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K59 and 61 Voti
Qualità su una buona giornata: 4.0
Coerenza del surf: 5.0
Livello di difficoltà: 4.0
Folle: 4.0

Overall: 3.5

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Surf Report Feed

K59 and 61 Swell Statistics, Winter: All Swell – Any Wind

This image illustrates the range of swells directed at K59 and 61 through an average northern hemisphere winter and is based upon 6931 NWW3 model predictions since 2006 (values every 3 hours). The wave model does not forecast surf and wind right at the coastline so we have chosen the most applicable grid node based on what we know about K59 and 61, and at K59 and 61 the best grid node is 51 km away (32 miles).

The rose diagram describes the distribution of swell directions and swell sizes, while the graph at the bottom shows the same thing but lacks direction information. Five colours represent increasing wave sizes. Very small swells of less than 0.5m (1.5 feet) high are shown in blue. These occurred only 3% of the time. Green and yellow show increasing swell sizes and largest swells greater than >3m (>10ft) are shown in red. In both graphs, the area of any colour is proportional to how frequently that size swell happens.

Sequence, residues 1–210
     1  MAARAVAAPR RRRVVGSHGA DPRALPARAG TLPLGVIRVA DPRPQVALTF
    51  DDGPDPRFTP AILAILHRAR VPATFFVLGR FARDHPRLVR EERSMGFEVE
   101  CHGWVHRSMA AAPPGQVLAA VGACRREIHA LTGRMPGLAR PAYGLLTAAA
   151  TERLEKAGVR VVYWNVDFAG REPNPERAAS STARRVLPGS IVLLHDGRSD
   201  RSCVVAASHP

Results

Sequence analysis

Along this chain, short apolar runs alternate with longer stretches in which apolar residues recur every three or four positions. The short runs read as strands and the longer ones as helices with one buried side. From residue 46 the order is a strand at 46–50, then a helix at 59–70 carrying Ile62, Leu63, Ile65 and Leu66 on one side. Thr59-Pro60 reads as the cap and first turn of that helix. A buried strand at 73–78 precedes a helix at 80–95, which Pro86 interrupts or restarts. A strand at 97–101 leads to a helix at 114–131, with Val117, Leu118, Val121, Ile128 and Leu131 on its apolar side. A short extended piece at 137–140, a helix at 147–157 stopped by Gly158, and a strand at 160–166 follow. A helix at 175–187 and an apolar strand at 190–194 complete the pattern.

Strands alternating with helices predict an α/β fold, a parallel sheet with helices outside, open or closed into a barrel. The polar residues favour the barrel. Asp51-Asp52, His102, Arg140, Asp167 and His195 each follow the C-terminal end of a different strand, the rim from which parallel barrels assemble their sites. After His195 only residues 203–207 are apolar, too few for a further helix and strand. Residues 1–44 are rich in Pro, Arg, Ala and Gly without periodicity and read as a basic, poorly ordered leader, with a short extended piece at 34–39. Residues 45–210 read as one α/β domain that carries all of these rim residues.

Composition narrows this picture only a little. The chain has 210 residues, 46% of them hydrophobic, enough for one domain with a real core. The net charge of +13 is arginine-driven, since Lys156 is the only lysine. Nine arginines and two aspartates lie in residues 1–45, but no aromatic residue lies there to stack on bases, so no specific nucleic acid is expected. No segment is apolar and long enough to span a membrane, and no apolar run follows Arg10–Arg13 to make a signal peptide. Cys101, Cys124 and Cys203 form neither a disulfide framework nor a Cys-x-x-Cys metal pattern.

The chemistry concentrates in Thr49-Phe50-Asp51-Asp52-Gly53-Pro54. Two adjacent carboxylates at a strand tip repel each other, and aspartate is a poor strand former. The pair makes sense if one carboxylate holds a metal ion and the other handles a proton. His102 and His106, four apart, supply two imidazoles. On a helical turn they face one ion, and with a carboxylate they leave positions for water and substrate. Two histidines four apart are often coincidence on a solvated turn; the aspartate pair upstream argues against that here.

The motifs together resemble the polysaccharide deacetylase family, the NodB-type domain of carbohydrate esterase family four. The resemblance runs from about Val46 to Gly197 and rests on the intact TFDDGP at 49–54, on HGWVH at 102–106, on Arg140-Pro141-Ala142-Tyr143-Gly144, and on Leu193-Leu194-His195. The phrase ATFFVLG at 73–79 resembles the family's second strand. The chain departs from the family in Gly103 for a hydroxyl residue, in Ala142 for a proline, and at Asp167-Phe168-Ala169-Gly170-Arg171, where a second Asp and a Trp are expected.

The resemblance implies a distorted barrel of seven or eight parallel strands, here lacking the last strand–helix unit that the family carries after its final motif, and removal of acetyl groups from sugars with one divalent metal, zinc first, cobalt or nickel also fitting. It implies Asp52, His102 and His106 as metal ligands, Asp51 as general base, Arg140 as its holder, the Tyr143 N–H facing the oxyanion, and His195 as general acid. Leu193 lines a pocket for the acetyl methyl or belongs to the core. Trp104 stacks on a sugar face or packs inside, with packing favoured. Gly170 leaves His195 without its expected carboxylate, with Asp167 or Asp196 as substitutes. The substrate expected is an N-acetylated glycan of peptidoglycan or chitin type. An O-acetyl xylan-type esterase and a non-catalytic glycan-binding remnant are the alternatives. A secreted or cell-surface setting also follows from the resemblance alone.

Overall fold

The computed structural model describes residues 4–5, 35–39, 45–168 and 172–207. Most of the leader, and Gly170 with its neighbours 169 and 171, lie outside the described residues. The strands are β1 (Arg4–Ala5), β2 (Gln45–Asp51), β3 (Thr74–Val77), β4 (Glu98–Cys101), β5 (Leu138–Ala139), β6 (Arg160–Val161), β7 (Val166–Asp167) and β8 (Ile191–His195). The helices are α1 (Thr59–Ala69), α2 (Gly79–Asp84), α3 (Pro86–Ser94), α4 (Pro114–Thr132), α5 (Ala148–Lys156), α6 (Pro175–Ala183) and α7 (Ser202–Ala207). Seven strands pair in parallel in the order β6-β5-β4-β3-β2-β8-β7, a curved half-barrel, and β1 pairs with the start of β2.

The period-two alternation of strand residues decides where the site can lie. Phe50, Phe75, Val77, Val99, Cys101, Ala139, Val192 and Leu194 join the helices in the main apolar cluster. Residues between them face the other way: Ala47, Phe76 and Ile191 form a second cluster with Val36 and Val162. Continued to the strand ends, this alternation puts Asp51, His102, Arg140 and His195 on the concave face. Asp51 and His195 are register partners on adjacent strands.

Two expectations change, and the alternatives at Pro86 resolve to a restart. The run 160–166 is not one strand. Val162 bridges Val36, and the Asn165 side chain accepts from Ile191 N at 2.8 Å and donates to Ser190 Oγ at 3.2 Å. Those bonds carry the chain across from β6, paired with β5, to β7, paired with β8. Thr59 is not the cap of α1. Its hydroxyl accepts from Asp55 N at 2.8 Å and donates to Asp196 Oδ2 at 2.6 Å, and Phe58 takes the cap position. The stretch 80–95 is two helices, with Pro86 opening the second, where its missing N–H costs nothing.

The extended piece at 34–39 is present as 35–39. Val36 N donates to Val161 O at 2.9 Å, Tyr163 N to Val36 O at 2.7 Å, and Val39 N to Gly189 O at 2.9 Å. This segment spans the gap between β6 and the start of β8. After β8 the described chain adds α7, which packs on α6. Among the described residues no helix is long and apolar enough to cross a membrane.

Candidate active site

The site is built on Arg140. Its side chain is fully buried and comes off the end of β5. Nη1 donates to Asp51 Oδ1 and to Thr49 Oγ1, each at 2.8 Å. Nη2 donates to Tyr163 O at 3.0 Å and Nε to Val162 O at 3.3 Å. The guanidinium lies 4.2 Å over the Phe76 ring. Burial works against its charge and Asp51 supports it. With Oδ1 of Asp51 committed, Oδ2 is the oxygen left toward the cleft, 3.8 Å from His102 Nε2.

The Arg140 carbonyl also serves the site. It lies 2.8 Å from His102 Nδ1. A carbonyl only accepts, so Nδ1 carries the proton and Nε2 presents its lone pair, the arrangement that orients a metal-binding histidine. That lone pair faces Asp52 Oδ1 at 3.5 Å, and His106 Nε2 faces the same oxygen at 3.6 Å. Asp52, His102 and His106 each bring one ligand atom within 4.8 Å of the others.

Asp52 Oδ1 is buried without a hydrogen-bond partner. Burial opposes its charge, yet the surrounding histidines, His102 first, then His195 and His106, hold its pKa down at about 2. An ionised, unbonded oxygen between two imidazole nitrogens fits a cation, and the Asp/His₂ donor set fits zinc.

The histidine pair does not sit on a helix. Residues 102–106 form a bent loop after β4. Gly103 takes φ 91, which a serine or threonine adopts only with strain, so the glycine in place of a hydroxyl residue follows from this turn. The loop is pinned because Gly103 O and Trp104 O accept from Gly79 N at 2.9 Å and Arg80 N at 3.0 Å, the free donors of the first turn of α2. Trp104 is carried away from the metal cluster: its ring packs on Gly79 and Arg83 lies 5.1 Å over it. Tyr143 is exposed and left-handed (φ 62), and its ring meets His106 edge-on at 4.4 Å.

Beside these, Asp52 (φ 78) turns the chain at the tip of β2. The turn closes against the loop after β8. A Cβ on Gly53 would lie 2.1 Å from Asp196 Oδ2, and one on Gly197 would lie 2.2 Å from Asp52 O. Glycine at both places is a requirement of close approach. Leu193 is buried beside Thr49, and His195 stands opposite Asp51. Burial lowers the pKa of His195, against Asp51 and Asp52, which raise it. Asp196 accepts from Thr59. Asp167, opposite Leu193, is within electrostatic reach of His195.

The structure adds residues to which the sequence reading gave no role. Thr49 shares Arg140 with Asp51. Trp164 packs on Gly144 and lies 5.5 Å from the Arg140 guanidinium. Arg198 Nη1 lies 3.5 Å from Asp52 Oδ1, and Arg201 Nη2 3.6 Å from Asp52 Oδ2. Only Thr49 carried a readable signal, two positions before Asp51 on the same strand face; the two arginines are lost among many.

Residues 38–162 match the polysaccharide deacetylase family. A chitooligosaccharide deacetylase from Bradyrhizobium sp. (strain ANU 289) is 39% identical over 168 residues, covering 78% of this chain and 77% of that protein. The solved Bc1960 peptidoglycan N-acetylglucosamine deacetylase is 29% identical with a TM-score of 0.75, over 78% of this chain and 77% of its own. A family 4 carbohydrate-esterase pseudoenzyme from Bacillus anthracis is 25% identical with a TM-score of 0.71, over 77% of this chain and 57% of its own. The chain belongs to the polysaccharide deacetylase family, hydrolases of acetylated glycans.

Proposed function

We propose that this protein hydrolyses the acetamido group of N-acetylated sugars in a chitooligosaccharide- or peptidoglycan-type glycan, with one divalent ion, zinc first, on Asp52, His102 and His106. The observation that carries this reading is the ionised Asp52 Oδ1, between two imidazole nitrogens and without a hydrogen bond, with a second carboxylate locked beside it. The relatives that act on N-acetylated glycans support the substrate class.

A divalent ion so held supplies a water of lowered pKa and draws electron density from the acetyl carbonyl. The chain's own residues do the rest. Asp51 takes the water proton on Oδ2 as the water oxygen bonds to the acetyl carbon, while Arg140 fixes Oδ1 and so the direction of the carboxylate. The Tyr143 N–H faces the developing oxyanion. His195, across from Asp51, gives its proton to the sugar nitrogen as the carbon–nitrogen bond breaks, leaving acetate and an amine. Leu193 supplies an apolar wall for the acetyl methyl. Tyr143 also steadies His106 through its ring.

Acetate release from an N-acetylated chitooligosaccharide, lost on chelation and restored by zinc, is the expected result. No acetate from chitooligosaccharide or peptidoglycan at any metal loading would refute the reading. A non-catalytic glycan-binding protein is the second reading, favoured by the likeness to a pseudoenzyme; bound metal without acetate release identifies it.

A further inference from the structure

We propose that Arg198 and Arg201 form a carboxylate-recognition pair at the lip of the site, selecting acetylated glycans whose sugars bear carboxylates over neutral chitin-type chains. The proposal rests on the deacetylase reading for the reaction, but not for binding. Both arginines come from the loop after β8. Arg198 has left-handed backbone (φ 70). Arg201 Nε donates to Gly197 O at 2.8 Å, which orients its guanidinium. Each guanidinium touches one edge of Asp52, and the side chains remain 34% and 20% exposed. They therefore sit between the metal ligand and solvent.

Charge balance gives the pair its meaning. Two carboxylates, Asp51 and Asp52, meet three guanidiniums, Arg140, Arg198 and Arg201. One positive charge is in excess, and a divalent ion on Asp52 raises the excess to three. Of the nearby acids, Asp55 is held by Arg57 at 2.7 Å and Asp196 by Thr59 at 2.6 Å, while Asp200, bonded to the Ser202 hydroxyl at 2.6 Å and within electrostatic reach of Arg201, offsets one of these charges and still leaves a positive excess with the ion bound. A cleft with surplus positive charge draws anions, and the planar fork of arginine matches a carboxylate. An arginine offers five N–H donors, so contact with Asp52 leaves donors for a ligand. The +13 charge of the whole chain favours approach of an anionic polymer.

The diagram suggests that the most common swell direction, shown by the largest spokes, was SSW, whereas the the most common wind blows from the NNE. Because the wave model grid is away from the coast, sometimes a strong offshore wind blows largest waves away from K59 and 61 and out to sea. We group these with the no surf category of the bar chart. To avoid confusion we don't show these in the rose plot. Because wind determines whether or not waves are good for surfing at K59 and 61, you can view an alternative image that shows only the swells that were predicted to coincide with glassy or offshore wind conditions. In a typical northern hemisphere winter, swells large enough to cause clean enough to surf waves at K59 and 61 run for about 97% of the time.

IMPORTANT: Beta version feature! Swell heights are open water values from NWW3. There is no attempt to model near-shore effects. Coastal wave heights will generally be less, especially if the break does not have unobstructed exposure to the open ocean.